Colin Chapman’s review published on Letterboxd:
Spring Breakers can be called, to an extent, The Great Gatsby for a modern audience. It tackles all of the same themes; greed, shallowness, the corruption of American society and its interpretation and definition of the American Dream. However, instead of our central character being a wealthy, charming socialite whose American Dream is the girl he has waited years for, we simply have four girls who want to want to escape their routine and mind-numbing suburban lives and enjoy their spring break. This sounds like a very generic concept, but somehow, Harmony Korine manages to twist it into a devastating portrayal of materialism and the corruption of the human soul.
I'm going to start off by saying that this film looks FANTASTIC. The colour scheme is hypnotic and vibrant. It is once in a blue moon that I am immersed within seconds of a film starting, but I'd be lying if I said that I wasn't totally captivated from the get go with this film. Korine's direction is undoubtedly one of the major factors in what makes this a profound and horrifying social commentary. So much of this film is edited with slow-motion shots and warped dubstep music, which, although in any other film would sound like the majority of people's worst nightmare, allows the audience to take in every morsel of human indecency and every speck of lust, desire and superficiality being presented through the characters on screen.
The four leading girls in this film are flawlessly cast. Vanessa Hudgens, Selena Gomez, Ashley Benson and Rachel Korine portray four tragically sheltered girls whose primary aim in the film is to merely feel something. Some bend before adversity sooner than others, and in the end, we are left with the shallowest victims of suburbia who refuse to give in and return to being drones. Each and every one of them embraces their characters with a perfect balance of vulnerability and vivacity, allowing the audience to view them as both admirable and in a way, pathetic at the same time. Here, we see James Franco like never before, proving even further that he is a versatile and capable actor. His character is the epitome of corruption, someone who has not only achieved the "American Dream" but has also been destroyed by it, to the point of no return. Alien acts as an outlet and as an escape for the girls who decide to stay with him. They see his corruption, but they are still drawn to him, like moths to the flame. This is where we see the central themes pushing through.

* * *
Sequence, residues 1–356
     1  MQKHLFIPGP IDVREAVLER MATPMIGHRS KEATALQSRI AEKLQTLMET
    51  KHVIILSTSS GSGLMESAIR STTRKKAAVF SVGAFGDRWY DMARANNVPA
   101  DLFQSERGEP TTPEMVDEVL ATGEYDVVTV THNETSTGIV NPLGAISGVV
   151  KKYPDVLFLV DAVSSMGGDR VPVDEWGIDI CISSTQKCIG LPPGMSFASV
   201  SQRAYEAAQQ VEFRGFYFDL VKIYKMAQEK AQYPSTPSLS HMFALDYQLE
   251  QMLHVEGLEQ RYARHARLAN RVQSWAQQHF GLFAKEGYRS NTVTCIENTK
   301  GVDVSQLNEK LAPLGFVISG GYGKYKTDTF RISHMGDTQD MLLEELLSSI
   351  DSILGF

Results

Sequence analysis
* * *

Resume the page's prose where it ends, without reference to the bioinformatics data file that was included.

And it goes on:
Spring Breakers is not pretentious. It is not mindless dribble hiding behind a facade of artsy film making and social and cultural relevance. It is not shallow, unintelligent or ludicrous. It is a masterpiece, through and through. It is ambitious cinema of the highest order. There are countless films released on an annual basis which criticise society and expose how empty the human spirit can truly be, but there has never been one quite like this. Spring Breakers dares to venture one step forward. It is not a film without optimism or hope, but it isn't hesitant to tell us, the audience, that yes, the American Dream has evolved into something ugly and malicious, and it isn't afraid to tell us that this ugliness and maliciousness is easily desired. It is a bitterly truthful tale, told in the most mesmerising and beautifully eccentric way possible.
I'm in love.